SPAC Retail Survey – October, 2021
As you can see, only 8.5% of respondents consider themselves a novice SPAC investor. In fact, the vast majority, or 47.1% consider themselves to have “Significant Experience” or “Expert” level. Granted, this is a self-determining question, but if you spend enough time on Twitter, you will know that retail has matured significantly. They are no longer, as a majority, novice investors. Now, instead of asking questions, they are citing SEC filings and referencing legal language, and inquiring about things like lock-ups or valuation metrics. 44.4% stated they have “some experience”, which was the largest sole group of respondents, but the point being that very few retail investors are getting into these deals without “some experience.
Only 6.1% of respondents elected “no”, they do not plan to continue investing in SPACs. The overwhelming majority, or 93.9%, do want to continue to invest in SPACs in the future. This is despite a very negative current SPAC environment suggesting despite current low returns, there is still appetite for investing in this asset class.
Once again, perception does not match reality. The suggestion has been that retail invests in SPACs because celebrity names are involved in some of these deals. However, retail investors, if you ask them, dislike the celebrity SPACs. And sure enough, the numbers bear that out with ~92.3% saying celebrities do not influence their investment.
Interestingly, 36.6% of respondents consider themselves on par, or are better in their investing abilities, to institutional investors. A further 30.6% consider themselves just below the skill of an institutional investor. This means that 67.2% of respondents consider themselves pretty close or above institutional skill level when it comes to investing in SPACs. 32.8% consider themselves below institutional investors when it comes to their investing ability.
There is an ongoing perception that retail is “dumb money”. Regardless, nearly 82% of retail investors think the media has portrayed them as not smart enough to invest on their own.
The biggest concern with retail investors and SPACS has been “at what price do they invest and when“? The other big presumption has been that retail is buying significantly above IPO price. However, the data doesn’t seem to bear that out. Instead, retail investors are, as a majority, investing below or near cash-in-trust value. However, if they are investing above trust value, only 9% say they invest above $10.00 and only with strong conviction on the trade. Only 26% said they invest above $10.00, but from a “neutral position” and it’s deal dependent. Furthermore, over 63% stated they would invest above $10.00, but only if they had strong conviction and 21% said thy would “rarely” invest in a SPAC trading below cash-in-trust value.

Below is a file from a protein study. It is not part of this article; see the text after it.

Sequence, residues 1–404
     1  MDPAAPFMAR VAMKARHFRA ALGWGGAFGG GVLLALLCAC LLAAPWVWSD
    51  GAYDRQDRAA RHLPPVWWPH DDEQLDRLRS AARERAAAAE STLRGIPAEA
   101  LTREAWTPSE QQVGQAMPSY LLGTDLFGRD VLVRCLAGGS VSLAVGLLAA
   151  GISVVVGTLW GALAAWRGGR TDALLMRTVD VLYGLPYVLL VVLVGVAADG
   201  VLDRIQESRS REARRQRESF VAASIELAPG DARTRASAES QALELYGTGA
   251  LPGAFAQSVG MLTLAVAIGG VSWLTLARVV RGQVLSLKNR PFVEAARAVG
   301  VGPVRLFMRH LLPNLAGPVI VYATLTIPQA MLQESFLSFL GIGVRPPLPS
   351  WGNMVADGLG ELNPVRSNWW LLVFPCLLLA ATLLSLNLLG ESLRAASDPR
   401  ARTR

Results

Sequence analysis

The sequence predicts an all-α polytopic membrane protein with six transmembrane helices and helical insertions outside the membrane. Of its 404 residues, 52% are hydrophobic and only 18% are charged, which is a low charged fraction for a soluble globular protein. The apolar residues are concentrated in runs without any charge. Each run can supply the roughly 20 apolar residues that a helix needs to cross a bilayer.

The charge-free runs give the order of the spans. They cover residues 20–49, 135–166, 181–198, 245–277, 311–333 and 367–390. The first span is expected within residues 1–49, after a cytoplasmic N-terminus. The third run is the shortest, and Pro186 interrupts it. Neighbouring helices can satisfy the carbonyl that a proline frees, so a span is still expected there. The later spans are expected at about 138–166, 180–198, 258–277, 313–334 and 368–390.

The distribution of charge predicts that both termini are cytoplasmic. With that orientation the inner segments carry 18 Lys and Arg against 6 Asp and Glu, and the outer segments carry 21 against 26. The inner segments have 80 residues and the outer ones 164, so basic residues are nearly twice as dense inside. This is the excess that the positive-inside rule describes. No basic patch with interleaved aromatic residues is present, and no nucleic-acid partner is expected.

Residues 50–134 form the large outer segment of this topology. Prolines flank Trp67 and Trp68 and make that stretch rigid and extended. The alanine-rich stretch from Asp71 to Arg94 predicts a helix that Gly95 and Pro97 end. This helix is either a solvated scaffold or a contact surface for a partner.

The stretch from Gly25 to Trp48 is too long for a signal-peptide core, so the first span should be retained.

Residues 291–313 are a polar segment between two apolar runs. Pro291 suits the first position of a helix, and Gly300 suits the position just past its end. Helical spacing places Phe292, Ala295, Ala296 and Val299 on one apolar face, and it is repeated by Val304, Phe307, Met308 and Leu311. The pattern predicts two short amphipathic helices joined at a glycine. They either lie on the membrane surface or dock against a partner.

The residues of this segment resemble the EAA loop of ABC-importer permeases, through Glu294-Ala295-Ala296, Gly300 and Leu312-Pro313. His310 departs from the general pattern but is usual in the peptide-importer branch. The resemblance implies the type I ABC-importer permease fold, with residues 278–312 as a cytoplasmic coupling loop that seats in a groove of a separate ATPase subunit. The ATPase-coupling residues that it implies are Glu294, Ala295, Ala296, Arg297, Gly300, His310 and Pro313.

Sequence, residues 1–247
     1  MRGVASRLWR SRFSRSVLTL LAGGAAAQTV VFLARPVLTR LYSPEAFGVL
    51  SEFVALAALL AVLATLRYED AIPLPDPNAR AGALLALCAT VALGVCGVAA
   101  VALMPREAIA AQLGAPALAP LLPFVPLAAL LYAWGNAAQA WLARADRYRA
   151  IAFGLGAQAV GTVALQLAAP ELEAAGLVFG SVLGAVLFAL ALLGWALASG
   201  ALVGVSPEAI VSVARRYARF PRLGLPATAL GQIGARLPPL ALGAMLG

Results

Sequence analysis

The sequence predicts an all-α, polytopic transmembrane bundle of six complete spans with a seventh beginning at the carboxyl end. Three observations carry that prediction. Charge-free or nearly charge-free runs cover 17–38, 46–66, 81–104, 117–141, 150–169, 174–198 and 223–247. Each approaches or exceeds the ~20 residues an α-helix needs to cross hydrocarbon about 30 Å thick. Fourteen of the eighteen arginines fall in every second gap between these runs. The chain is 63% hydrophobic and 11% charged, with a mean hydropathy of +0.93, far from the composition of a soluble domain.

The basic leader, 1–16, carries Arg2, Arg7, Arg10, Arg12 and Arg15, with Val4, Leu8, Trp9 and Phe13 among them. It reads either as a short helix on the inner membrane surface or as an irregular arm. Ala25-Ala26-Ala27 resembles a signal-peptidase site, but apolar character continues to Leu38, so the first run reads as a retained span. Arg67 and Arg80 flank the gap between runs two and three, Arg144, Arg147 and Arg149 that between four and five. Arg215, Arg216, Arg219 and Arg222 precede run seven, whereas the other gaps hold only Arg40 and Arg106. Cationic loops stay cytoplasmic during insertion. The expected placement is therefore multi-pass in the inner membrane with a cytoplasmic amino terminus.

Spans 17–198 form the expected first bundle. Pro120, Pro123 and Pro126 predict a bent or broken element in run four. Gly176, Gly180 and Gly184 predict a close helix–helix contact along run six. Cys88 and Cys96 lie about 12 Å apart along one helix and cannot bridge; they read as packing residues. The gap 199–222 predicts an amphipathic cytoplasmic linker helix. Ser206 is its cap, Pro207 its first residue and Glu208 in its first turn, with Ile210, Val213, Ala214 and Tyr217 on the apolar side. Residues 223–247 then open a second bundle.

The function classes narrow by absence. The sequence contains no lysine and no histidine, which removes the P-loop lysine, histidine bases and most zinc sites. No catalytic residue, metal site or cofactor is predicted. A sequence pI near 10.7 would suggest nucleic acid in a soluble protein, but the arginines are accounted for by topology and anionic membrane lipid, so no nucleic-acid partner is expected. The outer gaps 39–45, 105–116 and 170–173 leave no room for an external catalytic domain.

This is where it gets interesting. The general consensus is that retail is investing based on teams, ala the Chamath deals. But lo and behold, SPAC teams ran a distant third, behind Company and Valuation, as it should. Team is still important if they have the skill and experience to help guide a newly public company in a specific industry sector, but the actual combination company and its valuation are more important to retail investors. Interestingly, PIPE investors ranked last.
Again, the presumption has been to protect retail from early stage companies, where risk is highest. Fully, 41.0% felt neutral, or neither uncomfortable nor comfortable, about investing in early stage growth companies. If we add in “Somewhat Comfortable” and “Very Comfortable”, the numbers reach 73.2%, or nearly three out of four investors were okay with investing in early stage growth companies. Only 3.9% were “Uncomfortable” with deciding to invest.
As for the traditional IPO, only 19.1% of investors had a preference to invest rather than via a SPAC. Meanwhile, 80.9% would rather opt for a SPAC IPO.
The above is a “word cloud” of responses to this question, but the overwhelming response was that retail would much rather invest in an early stage growth company rather than a late stage IPO. The individual responses repeated over and over again were that they want exposure to growth companies because they felt there was better upside potential as compared to a traditional IPO. Additionally, they seem well aware of the risks since that word came up frequently. Below are a few examples of responses.
Lastly, should retail NOT be allowed to invest in SPACs? Nearly 97% said no, they do not want to be shut out of SPACs. This is despite one of the most difficult down-cycles for SPACs and 97% of retail respondents still want to be able to invest.
All of these answers suggest retail does not want to be legislated against participating in SPACs. But then again, no one has ever asked them.